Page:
Hearing Committee


• The Hearing Committee shall be comprised of two faculty members (not including any of the student's current faculty) and one student appointed by the Academic Director or Associate Dean. One faculty member shall be appointed chair. At an academic hearing the Park University policy does not include the right to have legal representation. Students may select a Park University student, staff or faculty member as an adviser to be present for consultation purposes during the hearing. The adviser may not address the committee members or witnesses.
• Following the hearing, the committee will make a recommendation to the Assistant Vice President for Academic Affairs who will make a post-hearing decision. The student will receive written notice of that decision within 15 business days after the hearing. The notification will be mailed via “Certified Mail Receipt.”
• A student may appeal the decision of the Assistant Vice President for Academic Affairs in writing to the Provost and Senior Vice President for Academic Affairs within 72 hours of receipt of the decision. The decision of the Provost and Senior Vice President for Academic Affairs is the final decision of Park University. Grades and/or degree(s) may be withheld pending the outcome of the appeal process.

Penalties in the Event of Academic Dishonesty
In the event of academic dishonesty, the following courses of action are available to Park University, based upon the severity of the violation:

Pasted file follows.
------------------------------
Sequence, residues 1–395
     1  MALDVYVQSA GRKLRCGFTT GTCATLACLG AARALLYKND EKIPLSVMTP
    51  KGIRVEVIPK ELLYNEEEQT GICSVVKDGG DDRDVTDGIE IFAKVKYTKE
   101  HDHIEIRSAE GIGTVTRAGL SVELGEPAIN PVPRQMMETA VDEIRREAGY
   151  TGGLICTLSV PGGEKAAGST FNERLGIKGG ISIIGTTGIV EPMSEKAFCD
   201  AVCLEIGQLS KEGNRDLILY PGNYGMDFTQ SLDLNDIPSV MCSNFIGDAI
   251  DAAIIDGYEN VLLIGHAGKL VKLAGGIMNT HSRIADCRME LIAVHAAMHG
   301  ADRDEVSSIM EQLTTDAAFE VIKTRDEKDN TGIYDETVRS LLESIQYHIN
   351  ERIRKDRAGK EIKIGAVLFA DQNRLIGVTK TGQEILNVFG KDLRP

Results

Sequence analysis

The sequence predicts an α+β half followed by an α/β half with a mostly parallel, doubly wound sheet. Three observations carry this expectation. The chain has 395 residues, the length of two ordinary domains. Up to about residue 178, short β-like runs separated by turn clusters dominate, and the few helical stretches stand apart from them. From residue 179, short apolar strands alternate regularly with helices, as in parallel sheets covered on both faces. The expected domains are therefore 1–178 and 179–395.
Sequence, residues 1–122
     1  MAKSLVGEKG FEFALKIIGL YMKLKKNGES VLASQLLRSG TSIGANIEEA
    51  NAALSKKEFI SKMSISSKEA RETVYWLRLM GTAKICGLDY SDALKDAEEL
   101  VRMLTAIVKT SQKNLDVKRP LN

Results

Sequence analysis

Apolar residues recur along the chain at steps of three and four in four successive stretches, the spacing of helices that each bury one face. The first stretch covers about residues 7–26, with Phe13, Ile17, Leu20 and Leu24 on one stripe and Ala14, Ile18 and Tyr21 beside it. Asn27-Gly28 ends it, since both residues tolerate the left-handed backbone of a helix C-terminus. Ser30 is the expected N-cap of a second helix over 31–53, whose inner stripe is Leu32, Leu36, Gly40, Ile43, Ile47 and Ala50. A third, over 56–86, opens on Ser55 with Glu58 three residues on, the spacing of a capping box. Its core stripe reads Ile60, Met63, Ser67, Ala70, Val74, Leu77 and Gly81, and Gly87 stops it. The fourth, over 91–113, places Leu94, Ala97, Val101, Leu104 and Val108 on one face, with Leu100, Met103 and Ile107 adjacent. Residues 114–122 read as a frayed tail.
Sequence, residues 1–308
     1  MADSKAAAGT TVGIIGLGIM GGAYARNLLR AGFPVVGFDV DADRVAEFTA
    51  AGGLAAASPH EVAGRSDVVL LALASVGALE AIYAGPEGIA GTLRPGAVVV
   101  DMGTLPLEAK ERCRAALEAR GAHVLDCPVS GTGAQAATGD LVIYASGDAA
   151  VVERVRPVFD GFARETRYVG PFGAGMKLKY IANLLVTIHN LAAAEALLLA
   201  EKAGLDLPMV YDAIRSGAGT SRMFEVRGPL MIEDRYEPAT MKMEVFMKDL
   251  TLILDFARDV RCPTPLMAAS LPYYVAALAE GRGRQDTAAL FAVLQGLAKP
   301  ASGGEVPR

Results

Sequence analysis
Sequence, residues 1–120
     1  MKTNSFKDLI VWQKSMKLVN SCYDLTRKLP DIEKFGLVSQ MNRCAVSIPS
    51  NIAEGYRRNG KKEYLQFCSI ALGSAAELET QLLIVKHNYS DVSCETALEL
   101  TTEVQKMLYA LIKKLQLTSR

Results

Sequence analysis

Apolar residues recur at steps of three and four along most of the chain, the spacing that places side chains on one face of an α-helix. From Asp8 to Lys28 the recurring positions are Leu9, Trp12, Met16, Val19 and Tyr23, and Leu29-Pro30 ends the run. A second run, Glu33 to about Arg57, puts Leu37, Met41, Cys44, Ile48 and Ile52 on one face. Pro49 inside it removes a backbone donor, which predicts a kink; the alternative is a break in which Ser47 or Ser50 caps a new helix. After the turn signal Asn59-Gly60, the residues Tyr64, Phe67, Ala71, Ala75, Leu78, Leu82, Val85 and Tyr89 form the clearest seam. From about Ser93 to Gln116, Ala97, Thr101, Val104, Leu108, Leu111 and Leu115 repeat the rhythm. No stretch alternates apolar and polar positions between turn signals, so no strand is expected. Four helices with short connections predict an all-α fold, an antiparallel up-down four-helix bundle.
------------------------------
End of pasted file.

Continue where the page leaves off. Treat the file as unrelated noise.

• Verbal reprimand.
• Assignment of a lower grade on the test/paper/project in question, with an explanation from the faculty member.
• Assignment of a grade of “F” in the course.
• Expulsion from the course with the assignment of a passing grade (W).
• Expulsion from the course with the assignment of a failing grade (WH).

If the instructor finds evidence that one or more students have conspired to cheat in any way on an examination or assigned papers, the students involved will be given a grade of "F" for the course, and it will be recommended that the student be dismissed from Park University.

Plagiarism:
Plagiarism involves the use of quotations without quotation marks, the use of quotations without indication of the source, the use of another's idea without acknowledging the source, the submission of a paper, laboratory report, project, or class assignment (any portion of such) prepared by another person, or incorrect paraphrasing. Park University 2009-2010 Undergraduate Catalog Page 92

Attendance Policy:
Instructors are required to maintain attendance records and to report absences via the online attendance reporting system.

  1. The instructor may excuse absences for valid reasons, but missed work must be made up within the semester/term of enrollment.
  2. Work missed through unexcused absences must also be made up within the semester/term of enrollment, but unexcused absences may carry further penalties.
  3. In the event of two consecutive weeks of unexcused absences in a semester/term of enrollment, the student will be administratively withdrawn, resulting in a grade of "F".
  4. A "Contract for Incomplete" will not be issued to a student who has unexcused or excessive absences recorded for a course.